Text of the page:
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17 pests to watch out for this Spring-Summer!:

Have a pest free spring-summer
By Expert Tips
Date: August 23 2018
Editor Rating:
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By: Becky Searles Founder Family Garden Life

A food garden can be so rewarding, especially growing food with kids because you can teach them so much about sustainability and nutrition. But there is nothing worse than growing food to feed the pests, and starting in Spring, unfortunately your food garden is loved by all.

Pests come in all shapes and sizes, and feast on a wide selection of fruit, vegetable and herb crops, plus they can also use their underground advantage and target the roots of a plant.

Not all insects are bad though, and it’s important to also be able to identify beneficial insects, and how you can attract them into your garden to help you defend your patch.

Let’s name and shame the bad guys in your food garden.

1. Aphids

Aphids target soft, new growth. They secrete this sticky honeydew as they suck the sap from the plant and this harbors a new issue which is a sooty mould. You might just come across ants at the same time as they are going after the honeydew. This can be a further issue because the ants often farm aphids and move them to a new plant, thus spreading the problem.

2. Ants

Technically ants won’t kill your plants, however, their underground tunnels can cause stress to the roots of a plant, and their burrowing can affect soil structure. Your plants will show signs of stress, and you may be stumped to know what it is, so check for activity in the area.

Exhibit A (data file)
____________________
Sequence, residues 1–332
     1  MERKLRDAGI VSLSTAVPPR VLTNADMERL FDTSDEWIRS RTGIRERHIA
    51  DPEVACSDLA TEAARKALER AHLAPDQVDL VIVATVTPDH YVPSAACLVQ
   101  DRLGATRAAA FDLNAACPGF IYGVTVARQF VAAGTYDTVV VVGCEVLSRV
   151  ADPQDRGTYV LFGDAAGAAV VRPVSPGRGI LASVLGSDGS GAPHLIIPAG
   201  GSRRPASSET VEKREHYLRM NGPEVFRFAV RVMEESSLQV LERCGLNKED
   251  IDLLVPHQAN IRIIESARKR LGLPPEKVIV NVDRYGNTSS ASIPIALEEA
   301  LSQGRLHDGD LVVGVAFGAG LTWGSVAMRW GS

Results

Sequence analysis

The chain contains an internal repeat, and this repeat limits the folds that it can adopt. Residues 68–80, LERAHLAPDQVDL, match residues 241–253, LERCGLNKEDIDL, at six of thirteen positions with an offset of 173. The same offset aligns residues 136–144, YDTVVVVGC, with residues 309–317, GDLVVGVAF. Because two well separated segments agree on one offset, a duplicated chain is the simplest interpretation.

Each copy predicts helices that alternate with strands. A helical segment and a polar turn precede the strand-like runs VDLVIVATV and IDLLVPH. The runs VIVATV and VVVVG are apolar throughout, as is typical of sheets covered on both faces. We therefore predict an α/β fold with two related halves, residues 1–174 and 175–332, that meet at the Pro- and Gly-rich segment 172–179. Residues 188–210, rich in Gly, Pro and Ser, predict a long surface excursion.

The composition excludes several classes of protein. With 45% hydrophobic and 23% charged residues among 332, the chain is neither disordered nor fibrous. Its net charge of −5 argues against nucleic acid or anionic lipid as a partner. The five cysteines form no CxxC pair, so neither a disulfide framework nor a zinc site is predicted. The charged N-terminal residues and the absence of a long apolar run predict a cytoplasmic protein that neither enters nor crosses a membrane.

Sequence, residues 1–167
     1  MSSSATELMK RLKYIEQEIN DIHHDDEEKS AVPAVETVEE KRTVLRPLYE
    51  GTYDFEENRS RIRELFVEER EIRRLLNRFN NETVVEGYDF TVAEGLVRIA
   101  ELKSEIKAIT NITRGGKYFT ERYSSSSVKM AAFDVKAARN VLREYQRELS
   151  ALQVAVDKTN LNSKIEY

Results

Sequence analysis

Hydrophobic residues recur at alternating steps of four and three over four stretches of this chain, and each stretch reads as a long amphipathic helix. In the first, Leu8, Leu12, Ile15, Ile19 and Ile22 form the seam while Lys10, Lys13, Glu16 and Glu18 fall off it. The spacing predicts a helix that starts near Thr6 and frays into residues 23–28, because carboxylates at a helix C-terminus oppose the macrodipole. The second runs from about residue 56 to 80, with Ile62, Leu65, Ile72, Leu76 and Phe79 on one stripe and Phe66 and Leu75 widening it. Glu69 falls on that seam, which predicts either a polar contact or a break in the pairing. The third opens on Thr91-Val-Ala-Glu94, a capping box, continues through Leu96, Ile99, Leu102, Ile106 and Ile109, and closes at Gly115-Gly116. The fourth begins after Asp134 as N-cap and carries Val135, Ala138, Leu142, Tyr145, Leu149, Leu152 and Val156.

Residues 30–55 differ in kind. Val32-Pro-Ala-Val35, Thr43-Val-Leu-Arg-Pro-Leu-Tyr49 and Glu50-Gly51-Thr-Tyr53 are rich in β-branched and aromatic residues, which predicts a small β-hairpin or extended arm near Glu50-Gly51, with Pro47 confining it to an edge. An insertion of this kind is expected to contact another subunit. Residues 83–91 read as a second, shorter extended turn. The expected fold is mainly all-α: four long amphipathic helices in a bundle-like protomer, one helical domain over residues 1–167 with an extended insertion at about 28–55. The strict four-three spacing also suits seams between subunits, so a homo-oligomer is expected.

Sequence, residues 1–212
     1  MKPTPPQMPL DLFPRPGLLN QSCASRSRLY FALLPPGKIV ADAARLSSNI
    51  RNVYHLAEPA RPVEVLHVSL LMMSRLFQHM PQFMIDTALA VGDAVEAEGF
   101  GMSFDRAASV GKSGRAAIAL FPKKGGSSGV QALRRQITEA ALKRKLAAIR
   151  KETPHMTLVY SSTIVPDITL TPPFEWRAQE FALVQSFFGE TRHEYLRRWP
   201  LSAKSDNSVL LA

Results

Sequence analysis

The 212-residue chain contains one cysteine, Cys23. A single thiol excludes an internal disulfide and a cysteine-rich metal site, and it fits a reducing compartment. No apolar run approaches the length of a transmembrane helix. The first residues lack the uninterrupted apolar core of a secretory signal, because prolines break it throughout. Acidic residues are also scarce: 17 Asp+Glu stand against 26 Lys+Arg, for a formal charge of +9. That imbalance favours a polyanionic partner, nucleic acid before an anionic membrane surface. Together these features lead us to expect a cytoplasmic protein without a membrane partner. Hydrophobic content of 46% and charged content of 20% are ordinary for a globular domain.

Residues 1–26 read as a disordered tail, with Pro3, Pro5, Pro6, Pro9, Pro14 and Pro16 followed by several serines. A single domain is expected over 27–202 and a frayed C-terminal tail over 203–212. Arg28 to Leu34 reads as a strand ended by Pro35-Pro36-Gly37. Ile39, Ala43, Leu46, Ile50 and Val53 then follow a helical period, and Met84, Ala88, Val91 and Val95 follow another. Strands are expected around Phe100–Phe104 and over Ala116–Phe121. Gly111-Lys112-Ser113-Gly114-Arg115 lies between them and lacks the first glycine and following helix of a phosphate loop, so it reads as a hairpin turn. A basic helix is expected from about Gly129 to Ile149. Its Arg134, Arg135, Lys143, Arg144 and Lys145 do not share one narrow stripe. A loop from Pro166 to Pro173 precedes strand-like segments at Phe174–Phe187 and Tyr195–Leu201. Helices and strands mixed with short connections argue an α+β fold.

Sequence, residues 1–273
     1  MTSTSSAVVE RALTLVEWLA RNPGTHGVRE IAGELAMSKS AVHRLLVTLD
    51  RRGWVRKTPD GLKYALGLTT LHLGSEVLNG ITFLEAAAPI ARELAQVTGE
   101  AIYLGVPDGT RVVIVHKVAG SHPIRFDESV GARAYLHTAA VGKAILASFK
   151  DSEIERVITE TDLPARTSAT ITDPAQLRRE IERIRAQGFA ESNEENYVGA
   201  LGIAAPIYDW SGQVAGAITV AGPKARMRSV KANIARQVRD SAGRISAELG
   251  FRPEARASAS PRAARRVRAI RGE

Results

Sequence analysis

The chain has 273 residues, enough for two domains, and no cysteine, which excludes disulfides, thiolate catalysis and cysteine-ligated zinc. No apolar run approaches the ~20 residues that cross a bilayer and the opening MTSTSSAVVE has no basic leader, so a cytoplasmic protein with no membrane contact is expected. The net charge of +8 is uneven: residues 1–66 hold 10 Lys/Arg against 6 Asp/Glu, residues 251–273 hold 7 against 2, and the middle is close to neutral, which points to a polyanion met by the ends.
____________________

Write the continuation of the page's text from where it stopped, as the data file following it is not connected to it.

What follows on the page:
3. Bronze Orange Bug

They first appear as light green nymphs (youngsters), then this bug grows-up and their colour changes to the more familiar orange to bronze, then to an orange-brown or black colour. Damaging citrus trees they are often called stink bugs because they squirt a sticky chemical, that will stain your skin and sting eyes.

4. Cabbage White Butterfly & Cabbage Moth

The Cabbage White Butterfly caterpillars are a green colour with a smooth texture, while the caterpillars with the greeny-brown markings come from the Cabbage Moth. The butterflies and moths lay their eggs on the underside of leaves. When the eggs hatch they are very small caterpillars and it takes a few days before you realise they are present.

5. Citrus Leaf Miner

The moth itself is very elusive, and not seen very often. You will know if the larvae are active though, as they leave squiggly tunnels all over the leaves as they mine their way through. As the larvae mine tunnels, it can give the leaves a bumpy, uneven look. Any major attack is likely to happen during new growth in spring / summer and slow down young trees.

6. Earwigs

Typically the earwig is a scavenger so you will be likely to find them under mulch and leaf litter during daylight hours and then they come out to feed at night time. Earwigs feed on aphids, army worms and maggots, which is a good thing yeah? However, they also like to eat plants, and in your food garden.

7. Fruit Fly

Fruit flies have 4 life stages, like most insects, and it’s through getting to understand these life stages, that you will have the best chance of managing this pest. Fruit flies lay their eggs under the skin of the fruit. You will not see this, as it’s inside the fruit, but around the puncture hole could be signs of bacteria and rot. The maggots will feed on the fruit and it will end up as a soft, mushy mess.

8. Grasshopper

The grasshopper’s long spring legs and wings make it a very elusive pest to catch. However, leave them alone, and your lush green leaves will have big bite marks in them before you know it. They are mostly hidden during the day, but when they feast, they take everything, especially if you give them a few days of unnoticed eating!

9. Mealybug

Mealybugs feed by sucking on the moisture in the plant and they do this by attaching themselves to the new tender leaves. The leaves will wilt and turn yellow. Like aphids, they secrete a sticky substance called honeydew which attracts the ants. Ants will farm mealybugs like aphids as well. The plant then becomes susceptible to sooty mould. The mealybug also releases toxic saliva that can seriously damage plants.